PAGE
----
6. Voluntary Confessions – these are confessions made without the need for interrogation. The confessor comes to the police department on his or her own and confesses to the crime. There have been many documented cases of such confessions throughout history and all over the world, and can be easily debunked. For instance, when the Lindbergh baby was kidnapped, over 200 innocent people confessed to the crime. In Salem, in the 1600s, women came forward, confessed to being witches and were put to death. Obsessed with details, the JonBenét Ramsey case, John Mark Karr came forward and confessed to killing the child. After careful investigation, police realized he could not have been involved. Many people came forward and confessed to the Black Dahlia murder. Examples just go on and on. People do it for notoriety, for perceived gains, because they are deranged or unwell. For the most part, voluntary confessions are treated with skepticism by police and rarely lead to a conviction without other evidence.

Many people have long viewed the confession as the ultimate form of evidence. Why would anyone but the guilty confess to some horrible crime? It’s off-putting to know that confessions are no more evidence than a vision from a dream. And yet, many people who maintain their innocence sit, rotting away in prison cells, after confessing to murders, rapes, kidnappings and robberies to end days of interrogations. Many of these people have contacted the Innocence Project, but, unfortunately, a lot of their cases lack the DNA evidence that could exonerate them. So, they will remain behind bars. I assure you, that though some are guilty, some are also innocent and that has two awful side effects: 1. An innocent human being is locked up 2. A guilty human being walks free, potentially committing more crimes.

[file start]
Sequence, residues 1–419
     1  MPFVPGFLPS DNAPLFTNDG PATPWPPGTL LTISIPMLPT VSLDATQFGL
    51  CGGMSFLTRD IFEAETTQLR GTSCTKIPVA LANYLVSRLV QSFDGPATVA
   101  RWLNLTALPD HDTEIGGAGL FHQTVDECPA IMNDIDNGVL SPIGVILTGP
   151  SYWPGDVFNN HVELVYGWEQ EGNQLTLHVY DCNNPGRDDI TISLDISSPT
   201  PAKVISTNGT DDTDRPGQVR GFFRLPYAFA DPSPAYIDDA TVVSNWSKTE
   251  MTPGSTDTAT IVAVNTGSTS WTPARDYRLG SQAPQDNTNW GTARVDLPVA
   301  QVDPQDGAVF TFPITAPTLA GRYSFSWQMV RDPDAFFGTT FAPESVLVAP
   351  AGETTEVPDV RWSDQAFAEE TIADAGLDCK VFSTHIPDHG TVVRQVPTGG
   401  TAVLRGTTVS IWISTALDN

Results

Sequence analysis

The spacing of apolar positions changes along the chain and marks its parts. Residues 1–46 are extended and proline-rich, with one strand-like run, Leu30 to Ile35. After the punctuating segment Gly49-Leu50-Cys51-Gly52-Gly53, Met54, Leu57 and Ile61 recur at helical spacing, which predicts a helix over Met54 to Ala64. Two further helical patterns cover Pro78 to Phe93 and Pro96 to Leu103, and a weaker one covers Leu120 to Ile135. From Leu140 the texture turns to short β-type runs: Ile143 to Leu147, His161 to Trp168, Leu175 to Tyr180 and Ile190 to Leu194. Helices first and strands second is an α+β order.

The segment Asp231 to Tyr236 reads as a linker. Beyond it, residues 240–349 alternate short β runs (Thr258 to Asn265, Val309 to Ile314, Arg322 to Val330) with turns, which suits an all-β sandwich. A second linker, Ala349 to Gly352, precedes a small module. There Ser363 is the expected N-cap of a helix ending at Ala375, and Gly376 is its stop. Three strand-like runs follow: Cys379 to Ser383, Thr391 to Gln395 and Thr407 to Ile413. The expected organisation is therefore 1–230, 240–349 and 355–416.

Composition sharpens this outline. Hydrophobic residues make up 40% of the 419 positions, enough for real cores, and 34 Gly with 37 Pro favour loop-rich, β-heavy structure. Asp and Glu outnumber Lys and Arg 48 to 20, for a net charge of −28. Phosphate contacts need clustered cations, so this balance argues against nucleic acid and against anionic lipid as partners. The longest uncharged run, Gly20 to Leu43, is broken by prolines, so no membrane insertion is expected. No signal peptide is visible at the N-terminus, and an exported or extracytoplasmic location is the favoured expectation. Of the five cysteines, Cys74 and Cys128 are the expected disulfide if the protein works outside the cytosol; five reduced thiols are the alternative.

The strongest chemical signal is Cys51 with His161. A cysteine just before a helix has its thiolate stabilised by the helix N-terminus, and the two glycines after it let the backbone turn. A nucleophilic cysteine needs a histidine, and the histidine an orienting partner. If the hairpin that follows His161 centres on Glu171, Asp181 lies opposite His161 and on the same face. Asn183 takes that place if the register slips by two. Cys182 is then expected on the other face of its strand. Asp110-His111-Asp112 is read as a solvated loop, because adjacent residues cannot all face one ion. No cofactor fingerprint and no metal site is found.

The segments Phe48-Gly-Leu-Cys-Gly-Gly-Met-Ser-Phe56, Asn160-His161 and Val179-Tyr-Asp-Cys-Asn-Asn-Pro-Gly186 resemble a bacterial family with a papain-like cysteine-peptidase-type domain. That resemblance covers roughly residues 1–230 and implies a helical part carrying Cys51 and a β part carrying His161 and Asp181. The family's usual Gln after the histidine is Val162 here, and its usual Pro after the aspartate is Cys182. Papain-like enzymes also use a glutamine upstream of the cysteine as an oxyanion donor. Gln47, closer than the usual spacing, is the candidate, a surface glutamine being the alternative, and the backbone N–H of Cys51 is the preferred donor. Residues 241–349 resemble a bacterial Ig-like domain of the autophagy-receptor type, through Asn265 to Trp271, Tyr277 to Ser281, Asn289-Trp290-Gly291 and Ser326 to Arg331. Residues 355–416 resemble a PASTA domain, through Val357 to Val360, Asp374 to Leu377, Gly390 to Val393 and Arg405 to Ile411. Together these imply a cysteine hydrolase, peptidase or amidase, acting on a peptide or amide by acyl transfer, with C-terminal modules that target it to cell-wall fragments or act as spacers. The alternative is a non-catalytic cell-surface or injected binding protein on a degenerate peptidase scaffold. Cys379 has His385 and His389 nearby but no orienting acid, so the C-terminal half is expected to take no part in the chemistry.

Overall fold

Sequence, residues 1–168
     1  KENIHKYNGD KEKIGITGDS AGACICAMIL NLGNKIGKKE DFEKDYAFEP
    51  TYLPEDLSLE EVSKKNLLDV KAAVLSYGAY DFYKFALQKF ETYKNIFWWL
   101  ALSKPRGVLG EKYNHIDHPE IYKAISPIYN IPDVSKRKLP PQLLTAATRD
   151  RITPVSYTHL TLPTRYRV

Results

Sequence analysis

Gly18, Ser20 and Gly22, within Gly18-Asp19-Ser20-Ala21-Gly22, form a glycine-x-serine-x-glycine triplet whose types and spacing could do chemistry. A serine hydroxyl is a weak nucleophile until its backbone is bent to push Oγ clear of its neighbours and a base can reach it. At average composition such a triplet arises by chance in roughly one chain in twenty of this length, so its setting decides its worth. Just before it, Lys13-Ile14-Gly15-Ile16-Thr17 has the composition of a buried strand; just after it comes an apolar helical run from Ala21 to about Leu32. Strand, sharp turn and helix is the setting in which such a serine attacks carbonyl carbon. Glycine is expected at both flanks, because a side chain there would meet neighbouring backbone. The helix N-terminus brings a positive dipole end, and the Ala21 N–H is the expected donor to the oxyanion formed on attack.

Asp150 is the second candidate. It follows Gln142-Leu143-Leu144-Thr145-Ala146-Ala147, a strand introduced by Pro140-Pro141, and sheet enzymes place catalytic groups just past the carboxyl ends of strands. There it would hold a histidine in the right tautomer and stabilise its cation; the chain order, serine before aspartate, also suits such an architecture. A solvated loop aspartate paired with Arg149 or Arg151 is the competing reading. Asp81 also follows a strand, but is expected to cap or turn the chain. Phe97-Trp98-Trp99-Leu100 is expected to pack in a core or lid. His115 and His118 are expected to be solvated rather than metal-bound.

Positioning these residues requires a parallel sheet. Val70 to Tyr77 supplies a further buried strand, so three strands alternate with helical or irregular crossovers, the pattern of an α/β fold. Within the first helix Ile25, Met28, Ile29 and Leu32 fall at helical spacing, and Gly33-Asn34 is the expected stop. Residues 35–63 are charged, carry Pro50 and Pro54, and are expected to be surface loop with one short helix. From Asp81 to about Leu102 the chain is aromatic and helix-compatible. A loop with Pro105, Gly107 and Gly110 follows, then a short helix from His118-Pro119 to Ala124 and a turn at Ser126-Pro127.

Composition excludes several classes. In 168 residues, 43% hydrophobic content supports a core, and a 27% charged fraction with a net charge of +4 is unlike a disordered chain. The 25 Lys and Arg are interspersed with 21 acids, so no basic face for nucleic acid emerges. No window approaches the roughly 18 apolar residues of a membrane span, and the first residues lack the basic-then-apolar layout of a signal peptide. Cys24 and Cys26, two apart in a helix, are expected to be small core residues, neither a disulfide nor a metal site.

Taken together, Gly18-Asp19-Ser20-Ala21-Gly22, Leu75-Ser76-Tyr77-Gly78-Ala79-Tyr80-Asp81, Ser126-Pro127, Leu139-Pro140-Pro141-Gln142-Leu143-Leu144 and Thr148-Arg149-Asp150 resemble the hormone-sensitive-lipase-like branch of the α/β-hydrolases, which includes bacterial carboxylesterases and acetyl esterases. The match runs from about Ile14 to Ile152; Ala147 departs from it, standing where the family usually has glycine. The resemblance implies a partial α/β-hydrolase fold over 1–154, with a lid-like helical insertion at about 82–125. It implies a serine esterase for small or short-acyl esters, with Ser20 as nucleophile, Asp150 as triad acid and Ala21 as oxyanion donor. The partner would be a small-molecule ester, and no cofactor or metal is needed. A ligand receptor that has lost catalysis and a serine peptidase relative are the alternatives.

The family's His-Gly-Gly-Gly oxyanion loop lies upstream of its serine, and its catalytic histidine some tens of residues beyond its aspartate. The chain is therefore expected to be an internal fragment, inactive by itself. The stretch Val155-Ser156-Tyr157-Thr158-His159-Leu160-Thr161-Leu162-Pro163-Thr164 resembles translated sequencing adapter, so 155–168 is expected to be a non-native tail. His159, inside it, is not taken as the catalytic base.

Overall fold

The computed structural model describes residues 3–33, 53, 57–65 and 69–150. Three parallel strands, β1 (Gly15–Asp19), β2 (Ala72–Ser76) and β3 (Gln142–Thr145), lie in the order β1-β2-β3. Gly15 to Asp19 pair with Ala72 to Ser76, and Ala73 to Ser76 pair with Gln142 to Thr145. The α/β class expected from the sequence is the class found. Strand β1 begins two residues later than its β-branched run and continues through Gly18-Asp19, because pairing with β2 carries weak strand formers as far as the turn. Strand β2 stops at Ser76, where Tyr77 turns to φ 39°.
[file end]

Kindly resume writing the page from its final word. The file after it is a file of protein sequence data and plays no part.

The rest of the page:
Confessions must be taken with a grain of salt and jurors must be made aware of the factors that lead to false confessions. If a confession is admitted as evidence in a trial, jurors must be made aware of the circumstances surrounding it. How long did the interrogation go on? How old is the defendant? Is the defendant mentally ill or have a history of mental illness? Was the defendant intoxicated at the time of their confession? Was the suspect promised something if they would confess? Was the defendant lied to about evidence in possession? Is there video of the interrogation? Is part of that video missing? Why? And so on and so forth.

Interrogation procedure must also be reformed. Confessions should not be able to be admitted as evidence at trial unless the total time of interrogation was less that a couple of hours. Confessions from children, the mentally ill and the intoxicated should be immediately dismissed. Police should be held accountable for misconduct, intimidation, coercion and mistreatment of suspects. With just these few small changes, we could avoid some seriously disastrous outcomes.

This is Part 3 of a series about reasonable doubt and the American justice system. Read part 4 here. You can read the previous parts here. If you want to be notified when the next part comes out, be sure to sub using the yellow button at the top or the bottom of this post, or the email sub form in the sidebar.

Further Reading/watching: